The following review appeared 31 May 1996 on the Mark Twain Forum.
Copyright © Mark Twain Forum, 1996.
This review may not be published or redistributed in any medium without permission.
Ines Koessl-Timm <Ines.Koessl-Timm@lrz.uni-muenchen.de>
University of Munich
Commissions are donated to the Mark Twain Project
Reading the translation of a literary work always evokes the question of whether one is still reading the 'original', or is reading an entirely 'new' work of art. Answers to this question generally differ as much as do the translations themselves, and this is especially true for Mark Twain's Adventures of Huckleberry Finn. Any translator of this great book is immediately faced with the problem of having to render a complex construct of ideas from one culture into another, but the real difficulty arises when the translator tries to capture not only the story and the 'meaning' of the book, but also the true spirit of Twain's language. It is welcome news, then, that--thanks to Wolf Harranth--German readers now have an edition of Huckleberry Finn that equals Mark Twain's original.
Obviously, there cannot be found any equivalent in German for the "Missouri Negro dialect," the "backwoods South-Western dialect," or the "ordinary 'Pike-County' dialect"--not to mention the "four modified varieties of this last." Should German dialects be used instead? It would not be the first time that African-American protagonists would speak the different shades of the Bavarian dialect fluently. But most German editions of Huckleberry Finn do not even allude to this problem. In many cases, Twain's vernacular and colloquial language are represented in German by nothing more than several contractions of articles and verb forms, as well as some misspelled foreign words (e.g., nonnonime Briefe). Consequently, Twain's introductory note concerning the dialects is often omitted in translations, as, for example, in Ulrich Johannsen (trans.), Die Abenteuer des Tom Sawyer und Huckleberry Finn (Munich: Droemersche Verlagsanstalt, 1978).
Wolf Harranth's translation, however, is different. First of all, it is based on the edition prepared by the Mark Twain Project (Berkeley: University of California Press, 1988), which makes it one of the few, if not the only, translation that has not been abridged and changed in a distorting way. Moreover, whereas previous translations have generally been illustrated by German painters, it is noteworthy that this edition contains E. W. Kemble's illustrations for the original edition.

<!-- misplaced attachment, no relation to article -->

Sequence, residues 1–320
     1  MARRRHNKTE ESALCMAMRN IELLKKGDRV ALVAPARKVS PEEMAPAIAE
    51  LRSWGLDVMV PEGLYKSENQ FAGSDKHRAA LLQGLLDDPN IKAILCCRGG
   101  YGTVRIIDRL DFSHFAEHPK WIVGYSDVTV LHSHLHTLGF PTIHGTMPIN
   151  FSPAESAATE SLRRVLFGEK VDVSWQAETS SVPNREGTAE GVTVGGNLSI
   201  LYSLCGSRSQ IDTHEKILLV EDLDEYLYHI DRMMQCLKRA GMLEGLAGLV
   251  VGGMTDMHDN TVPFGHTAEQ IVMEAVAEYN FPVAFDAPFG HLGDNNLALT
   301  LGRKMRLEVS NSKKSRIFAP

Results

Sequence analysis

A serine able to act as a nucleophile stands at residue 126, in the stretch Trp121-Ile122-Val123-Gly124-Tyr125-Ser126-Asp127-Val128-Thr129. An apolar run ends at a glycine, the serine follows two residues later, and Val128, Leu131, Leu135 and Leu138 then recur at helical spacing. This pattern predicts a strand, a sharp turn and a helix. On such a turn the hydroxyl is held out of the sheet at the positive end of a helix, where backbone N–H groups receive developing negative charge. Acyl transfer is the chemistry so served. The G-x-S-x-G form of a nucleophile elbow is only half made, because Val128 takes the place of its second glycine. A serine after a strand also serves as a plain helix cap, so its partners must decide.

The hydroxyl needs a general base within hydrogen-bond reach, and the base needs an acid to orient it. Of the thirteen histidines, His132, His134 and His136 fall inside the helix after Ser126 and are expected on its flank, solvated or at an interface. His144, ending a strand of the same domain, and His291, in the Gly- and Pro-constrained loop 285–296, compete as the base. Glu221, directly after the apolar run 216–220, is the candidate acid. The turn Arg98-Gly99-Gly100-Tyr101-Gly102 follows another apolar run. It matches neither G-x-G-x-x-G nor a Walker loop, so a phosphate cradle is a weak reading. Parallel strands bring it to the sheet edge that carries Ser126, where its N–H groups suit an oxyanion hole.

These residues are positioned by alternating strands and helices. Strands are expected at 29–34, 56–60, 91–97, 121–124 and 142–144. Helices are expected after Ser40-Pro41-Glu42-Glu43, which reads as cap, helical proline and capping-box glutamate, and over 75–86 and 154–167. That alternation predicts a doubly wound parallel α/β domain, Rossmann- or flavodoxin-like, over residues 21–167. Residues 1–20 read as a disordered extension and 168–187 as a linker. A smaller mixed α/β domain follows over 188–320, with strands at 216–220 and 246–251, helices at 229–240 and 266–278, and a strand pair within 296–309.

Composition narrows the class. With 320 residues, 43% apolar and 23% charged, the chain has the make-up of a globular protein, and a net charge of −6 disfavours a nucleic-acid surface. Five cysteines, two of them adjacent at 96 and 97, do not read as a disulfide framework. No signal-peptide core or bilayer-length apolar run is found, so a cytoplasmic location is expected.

Reading the book for the first time is a shocking experience, and this also must have been the impression the American audience had upon reading Twain's book for the first time in 1885. Harranth's rendering of Twain's language is so 'terrible' that it is beautiful. But he is right, of course: non-standard dialects of German, as in English, are distinguished by their defiance of prescriptive grammatical rules. A good translation therefore must take this fact into account, and indeed Harranth uses grammatical 'mistakes', misspellings, and malapropisms wisely. Although it is hard to discern to which dialects he alludes, the overall impression is that each character has an idiosyncratic way of speaking. For the first time, German readers can get the feel for Twain's literary innovation and achievement.
Harranth, in fact, is a wonderful translator. I love passages like this: "Wenn Schentlmaenner sichs leisten koennen, pro Kopf und Nase n Dollar fuer die Meile zu zahln und fuers Abholen und Absetzen mit ner Jolle, sollt sich n Dampfer leisten koennen, sie mitzunehmen, oder?" (p. 254; "If gentlemen kin afford to pay a dollar a mile apiece, to be took on and put off in a yawl, a steamboat kin afford to carry 'em, can't it?" Penguin Popular Classics edition, p. 160).
This translation of Huckleberry Finn is presented as a book for children. In libraries and book stores it will be found in the children's section, and the publisher, too, categorizes the new translation as a children's classic. The 'Nachwort' (epilogue) by Wolf Harranth is consistent with the overall goal of a children's book; while it does not advance any new insights for Mark Twain scholarship, it does offer basic biographical information on Mark Twain, in language that is easy to understand. In particular, Harranth mentions Twain's 'crisis' while writing Huck Finn, as well as the critical discussions concerning the Phelps episode and the racial issues. He also explains what was 'new' about Huck Finn, and why it was banned from schools and libraries. Harranth even admits the consequences for the German market: distorted abridgments and changes of the original.
It is necessary to dispel the prejudice that Huckleberry Finn is 'only' a book for children. Many adults who were required as children to read the book were not very impressed by it, though of course at that time in their lives they would have lacked the cultural and historical knowledge without which it is impossible to understand and enjoy Huck Finn's adventures. With this new translation, however, it will be possible for any German reader to enjoy and admire Twain's real wit and artistry, "... und so gibts nix mehr, ueber was ich schreiben koennt, und da bin ich verdammt froh drueber, weil wenn ich gewusst haett, was fuer ne elende Plackerei das ist, n Buch machen, haett ichs gar nicht erst angefangt, und noch mal mach ichs sowieso nicht" (p. 455).